What is a wireframe model?
A wireframe model is a model built on a computer in virtual three dimensional space. Basically, it consists of millions of points all linked together by 3 or 4 sided flat surfaces... there are no curves, just illusions of curves. Each point has co-ordinates which can be left or right, up or down and towards or away from you - x, y and z.
I started out in life (having been refused by art school) as an engineer, then a construction draughtsman, then an illustrator.. all these things apply remarkably well to making a wireframe model... but in the end, if it doesn't look right... start again. (It helps to know how things are supposed to look in real life).
Building the model is pretty much the same as you would build something for real... every part down to the last rivet is made but you only have to make one rivet, then copy it! Equally, there are many shortcut tools for making things quickly... but in my (limited) experience the computer has to kind of guess at the desired result and you end up with loads of points... the more points, the bigger the file size, so I try to avoid using them.
Having built the model, described and applied all of the materials... you need to light the scene with virtual lighting... much the same as in a film studio. Once this is done, you're ready for rendering the shot. Opposite is a view as seen in the editor, of the wireframe model for the Dalek "Ear" light. This is a small part so it's not necessary to build a high res. model... you can see the curves are starting to flatten out, this close in.
The computer works out where all the light rays are coming from, tracing their paths to the model, calculates the shadows and reflections and renders the shot. The outcome depends entirely on how much time and effort you put into all these processes. A superbly built model will look terrible if you haven't considered the materials, lighting and camera angles!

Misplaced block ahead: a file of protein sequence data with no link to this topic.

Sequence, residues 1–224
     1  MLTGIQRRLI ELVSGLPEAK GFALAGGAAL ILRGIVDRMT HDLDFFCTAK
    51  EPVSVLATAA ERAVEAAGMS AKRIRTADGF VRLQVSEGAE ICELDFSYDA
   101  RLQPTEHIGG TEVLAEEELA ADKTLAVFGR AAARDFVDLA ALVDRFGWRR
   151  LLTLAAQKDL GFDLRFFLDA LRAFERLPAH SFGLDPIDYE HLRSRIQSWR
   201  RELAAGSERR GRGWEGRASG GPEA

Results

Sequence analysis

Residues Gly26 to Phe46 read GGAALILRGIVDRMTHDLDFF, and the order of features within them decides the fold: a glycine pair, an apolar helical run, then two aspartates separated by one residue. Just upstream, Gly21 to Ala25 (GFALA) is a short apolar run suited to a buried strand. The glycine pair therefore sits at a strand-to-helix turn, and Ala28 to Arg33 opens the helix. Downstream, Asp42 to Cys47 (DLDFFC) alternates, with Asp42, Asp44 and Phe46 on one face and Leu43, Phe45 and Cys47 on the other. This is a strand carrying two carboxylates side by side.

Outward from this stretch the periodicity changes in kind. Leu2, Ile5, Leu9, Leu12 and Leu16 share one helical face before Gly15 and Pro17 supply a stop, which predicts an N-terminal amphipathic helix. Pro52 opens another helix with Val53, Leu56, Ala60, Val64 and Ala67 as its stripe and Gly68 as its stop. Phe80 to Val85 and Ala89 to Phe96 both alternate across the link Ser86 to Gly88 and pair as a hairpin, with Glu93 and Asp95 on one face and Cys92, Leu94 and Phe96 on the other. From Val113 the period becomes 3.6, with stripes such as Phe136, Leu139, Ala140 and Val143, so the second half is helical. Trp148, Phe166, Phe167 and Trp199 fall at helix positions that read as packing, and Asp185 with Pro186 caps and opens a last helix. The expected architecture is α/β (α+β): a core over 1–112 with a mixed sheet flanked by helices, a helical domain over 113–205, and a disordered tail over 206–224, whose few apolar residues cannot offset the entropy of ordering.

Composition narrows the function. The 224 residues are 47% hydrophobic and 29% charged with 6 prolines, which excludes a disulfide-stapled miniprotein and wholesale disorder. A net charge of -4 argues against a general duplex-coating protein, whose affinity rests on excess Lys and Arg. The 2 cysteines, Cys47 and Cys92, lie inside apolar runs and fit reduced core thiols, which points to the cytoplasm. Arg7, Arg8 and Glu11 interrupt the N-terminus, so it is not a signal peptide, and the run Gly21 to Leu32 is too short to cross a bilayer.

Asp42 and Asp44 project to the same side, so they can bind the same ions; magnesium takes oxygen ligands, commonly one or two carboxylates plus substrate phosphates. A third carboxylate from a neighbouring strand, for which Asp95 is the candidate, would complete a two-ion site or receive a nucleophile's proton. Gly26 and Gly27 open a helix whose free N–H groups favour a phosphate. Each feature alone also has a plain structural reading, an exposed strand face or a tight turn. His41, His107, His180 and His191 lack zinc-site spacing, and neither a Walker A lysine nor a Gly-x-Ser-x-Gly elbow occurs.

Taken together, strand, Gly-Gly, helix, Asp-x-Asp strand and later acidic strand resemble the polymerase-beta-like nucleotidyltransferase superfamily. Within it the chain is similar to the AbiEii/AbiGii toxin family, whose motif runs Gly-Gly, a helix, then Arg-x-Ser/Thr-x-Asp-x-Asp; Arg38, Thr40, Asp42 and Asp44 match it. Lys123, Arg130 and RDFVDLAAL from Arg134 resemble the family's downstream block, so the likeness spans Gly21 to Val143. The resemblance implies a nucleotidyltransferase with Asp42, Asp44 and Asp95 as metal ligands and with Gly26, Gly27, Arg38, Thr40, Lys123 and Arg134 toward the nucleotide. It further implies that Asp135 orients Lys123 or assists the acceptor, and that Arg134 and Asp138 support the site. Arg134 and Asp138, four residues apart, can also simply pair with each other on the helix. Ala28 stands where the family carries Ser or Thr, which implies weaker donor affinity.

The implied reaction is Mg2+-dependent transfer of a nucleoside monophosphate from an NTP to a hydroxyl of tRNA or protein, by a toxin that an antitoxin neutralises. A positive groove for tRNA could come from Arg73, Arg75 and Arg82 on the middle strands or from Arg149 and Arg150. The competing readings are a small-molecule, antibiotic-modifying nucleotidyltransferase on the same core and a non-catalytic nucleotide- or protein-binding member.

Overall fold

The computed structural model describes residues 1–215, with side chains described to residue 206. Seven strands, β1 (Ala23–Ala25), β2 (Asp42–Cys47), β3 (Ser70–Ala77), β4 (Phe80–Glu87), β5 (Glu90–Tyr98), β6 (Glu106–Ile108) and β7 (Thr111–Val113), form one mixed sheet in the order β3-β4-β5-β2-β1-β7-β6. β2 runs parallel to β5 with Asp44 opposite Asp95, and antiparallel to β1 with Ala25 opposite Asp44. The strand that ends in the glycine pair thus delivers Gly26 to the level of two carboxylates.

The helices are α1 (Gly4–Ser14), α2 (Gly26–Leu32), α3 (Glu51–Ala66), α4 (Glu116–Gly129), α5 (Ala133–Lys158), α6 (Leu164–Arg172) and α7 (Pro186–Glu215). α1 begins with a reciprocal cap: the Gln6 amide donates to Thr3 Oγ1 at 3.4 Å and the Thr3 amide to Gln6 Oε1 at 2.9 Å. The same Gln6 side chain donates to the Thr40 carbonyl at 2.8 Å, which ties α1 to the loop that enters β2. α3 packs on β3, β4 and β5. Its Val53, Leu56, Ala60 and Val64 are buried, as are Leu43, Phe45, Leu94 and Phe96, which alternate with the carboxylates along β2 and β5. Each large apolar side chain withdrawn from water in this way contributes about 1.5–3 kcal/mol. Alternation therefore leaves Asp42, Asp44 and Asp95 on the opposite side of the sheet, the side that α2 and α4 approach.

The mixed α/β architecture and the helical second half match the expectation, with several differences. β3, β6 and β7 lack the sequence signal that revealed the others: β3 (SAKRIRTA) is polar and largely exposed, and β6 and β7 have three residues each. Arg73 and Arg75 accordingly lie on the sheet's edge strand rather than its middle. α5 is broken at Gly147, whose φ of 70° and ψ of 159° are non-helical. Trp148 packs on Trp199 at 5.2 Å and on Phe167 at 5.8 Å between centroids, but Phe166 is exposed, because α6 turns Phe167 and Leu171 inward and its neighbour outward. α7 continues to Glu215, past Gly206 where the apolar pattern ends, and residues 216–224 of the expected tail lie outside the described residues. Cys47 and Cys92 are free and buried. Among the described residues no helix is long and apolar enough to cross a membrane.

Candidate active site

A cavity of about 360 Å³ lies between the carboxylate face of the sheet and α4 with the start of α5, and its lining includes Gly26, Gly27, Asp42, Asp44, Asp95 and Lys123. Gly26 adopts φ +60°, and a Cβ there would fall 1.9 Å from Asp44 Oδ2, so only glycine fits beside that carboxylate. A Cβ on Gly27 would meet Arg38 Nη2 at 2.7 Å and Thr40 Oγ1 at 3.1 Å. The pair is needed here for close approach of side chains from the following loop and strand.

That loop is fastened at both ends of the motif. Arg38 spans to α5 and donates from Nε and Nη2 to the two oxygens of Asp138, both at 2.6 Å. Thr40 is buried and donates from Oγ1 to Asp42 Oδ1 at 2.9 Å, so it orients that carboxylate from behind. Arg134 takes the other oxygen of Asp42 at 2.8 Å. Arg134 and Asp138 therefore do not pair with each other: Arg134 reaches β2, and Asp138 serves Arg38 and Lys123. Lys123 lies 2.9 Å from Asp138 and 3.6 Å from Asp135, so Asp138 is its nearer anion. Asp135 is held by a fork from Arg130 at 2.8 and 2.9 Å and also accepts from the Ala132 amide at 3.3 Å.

Some people think that this is all cheating and that it is not a creative process. As an artist, I would have to disagree. You need knowledge of how light works... which is the basis of all art... the most common colour in nature is grey... highlights and shadows created by light. It is true, much of the modeling process can be carried out using mathematical sub-routines... but, when you get something like the Dalek waist band (below right) that twists and curves all over the place, and you've got to put all of those slat thingys on it, all evenly spaced... you can forget your sub-routines! The only way to do it is to drag each one there and place it in 3D space using the human eye and a lot of determination and patience. There are some things that machines cannot do.. or it looks definitely wrong when they try.
The model is my first completed attempt at producing a serious wireframe model. I'm fairly sure that it represents an accurate replica of the original 1960's TV prop. The file size stands at 1MB but there's a lot of refining I could still do to get it down in size. I have not paid too much attention to the available plans... when I did, it didn't look the same as the photo's of the original. At some point I'll produce a set of plans from the model for all you Dalek fans who like to build real ones!
Next page... the final rendered shots. Depending on how old you were in the 60's and 70's... the Dalek that you remember.
A rendered shot of the Dalek eye-piece. The materials for the model are assigned by describing their colour, reflectivity, whether they are solid or transparent. Photo's or patterns can be projected as textures onto the model for added realism.
Wire frame model (above) and the rendered shot (below). The rib pattern is projected onto the glass as a bump map. Where black lines appear on the map... the computer simulates raised areas to the required specifications.